Uncertainty Reduction Theory in Interpersonal Communication

Uncertainty Reduction Theory

Uncertainty Reduction Theory (URT), developed by social psychologists Charles R. Berger and Richard J. Calabrese in 1975, is a pivotal communication theory focused on how human beings understand and reduce uncertainty during initial interactions. This theory posits that when people meet for the first time, they face a high level of uncertainty, and their primary goal is to decrease this uncertainty by gaining more information about each other.

According to uncertainty reduction theory, everyone engages in two procedures to minimize uncertainty. The first is a proactive approach that anticipates what someone might do. The second is a retroactive procedure that examines how people interpret what others do or say.

URT is segmented into two types of uncertainty:

  • Cognitive Uncertainty: Pertains to the beliefs and attitudes of the person.
  • Behavioral Uncertainty: Relates to the predictability of the person’s behavior.

In the quest to reduce these uncertainties, individuals engage in various strategies of information collection. Berger and Calabrese lay out a framework suggesting that as interaction progresses, the levels of uncertainty decrease, conversely increasing predictability and relational development.

Principal Axioms of Uncertainty Reduction Theory

A set of axioms derived from prior research and common sense is put forth by Berger and Calabrese to explain the relationship between their central concept of uncertainty and the following seven important relationship development variables: verbal and nonverbal communication, information seeking, intimacy level, reciprocity, likeability, and similarity.

Axiom 1: Verbal Communication

Given the high level of uncertainty at the start of the entry phase, as strangers engage in more verbal conversation, the level of uncertainty for each interactant in the connection decreases.

As uncertainty decreases, verbal communication will grow. With the ambiguity reduced, communication between the two people will not only grow, but also become much more engaging as the individuals get to know each other better. Berger’s more recent work emphasizes the need of proper amounts of verbal communication, stating that excessive verbal communication may lead to the other person seeking information.

While verbal communication has a negative relationship with reciprocity and information seeking, it has a positive relationship with nonverbal affiliative expressiveness, intimacy level, likeability, and similarity.

Axiom 2: Nonverbal Warmth

Nonverbal affiliative expressiveness includes eye contact, head nods, arm motions, and physical distance between interactants (closeness). As nonverbal affiliate expressiveness increases, uncertainty levels in an initial interaction setting drop. Furthermore, decreases in uncertainty lead to increases in nonverbal affiliative expressiveness.

In contrast to its negative correlation with reciprocity and information seeking, nonverbal affiliative expressiveness has a positive correlation with verbal communication, intimacy level, likeability, and similarity.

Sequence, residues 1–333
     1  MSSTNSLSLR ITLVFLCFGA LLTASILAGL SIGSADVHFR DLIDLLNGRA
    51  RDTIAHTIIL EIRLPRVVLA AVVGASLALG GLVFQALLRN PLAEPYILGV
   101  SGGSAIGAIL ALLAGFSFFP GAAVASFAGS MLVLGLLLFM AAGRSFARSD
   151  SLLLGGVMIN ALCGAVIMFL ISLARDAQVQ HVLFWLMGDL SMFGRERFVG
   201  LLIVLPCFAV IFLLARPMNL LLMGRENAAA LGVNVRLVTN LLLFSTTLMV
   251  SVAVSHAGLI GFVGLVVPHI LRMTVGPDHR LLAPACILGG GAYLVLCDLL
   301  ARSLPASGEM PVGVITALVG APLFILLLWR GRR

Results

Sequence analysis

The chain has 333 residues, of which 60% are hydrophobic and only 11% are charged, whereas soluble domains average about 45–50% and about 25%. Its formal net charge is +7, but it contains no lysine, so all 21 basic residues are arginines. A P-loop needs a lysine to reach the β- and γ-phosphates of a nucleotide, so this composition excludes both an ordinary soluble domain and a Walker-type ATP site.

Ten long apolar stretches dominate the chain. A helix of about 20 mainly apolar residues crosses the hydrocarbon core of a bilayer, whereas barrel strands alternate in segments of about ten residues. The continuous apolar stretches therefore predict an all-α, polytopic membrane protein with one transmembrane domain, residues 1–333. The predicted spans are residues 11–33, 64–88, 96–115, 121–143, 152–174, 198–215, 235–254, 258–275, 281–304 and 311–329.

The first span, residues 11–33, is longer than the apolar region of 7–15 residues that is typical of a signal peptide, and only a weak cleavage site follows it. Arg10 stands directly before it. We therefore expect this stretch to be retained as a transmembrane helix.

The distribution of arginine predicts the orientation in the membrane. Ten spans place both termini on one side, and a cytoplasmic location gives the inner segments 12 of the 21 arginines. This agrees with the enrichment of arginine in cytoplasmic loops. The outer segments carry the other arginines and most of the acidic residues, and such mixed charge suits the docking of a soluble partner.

Axiom 3: Information Seeking

Interactants are expected to ask questions during initial contacts, and the queries may merely require brief responses, such as requesting information about one’s occupation, hometown, previous residences, and so on. If one of the interactants remains doubtful, the other interactants are more likely to give relatively little sensitive or personal information.

High degrees of uncertainty lead to an increase in information seeking activity. As uncertainty levels diminish, information-seeking behavior decreases.

Axiom 4: Intimacy Level

High degrees of uncertainty in a relationship reduce the closeness level of communication content. Low degrees of uncertainty result in a high degree of intimacy. For example, during the initial engagement, communication content with a low intimacy level, such as demographic information, is expected rather than high intimacy level content, such as attitudes and opinions.

Similarity, liking, nonverbal affiliative expressiveness, and verbal communication are all positively correlated with intimacy level; conversely, reciprocity and information seeking are negatively correlated with intimacy level.

Axiom 5: Reciprocity

Reciprocity refers to the degree to which interactants expect another person to give similar knowledge after one has shared something. High degrees of uncertainty lead to high rates of reciprocity. Low levels of uncertainty lead to low rates of reciprocity.

Berger and Calabrese think that the simplest method to reduce mutual uncertainty is to request and provide the same types of information at the same rate of exchange, and that as uncertainty decreases, there is less need for symmetric exchanges of information at a quick rate.

Axiom 6: Similarity

Uncertainty reduction is facilitated by similarity. When individuals find shared attributes or attitudes, it acts as a confirmation of predictability, which, in turn, lessens uncertainty.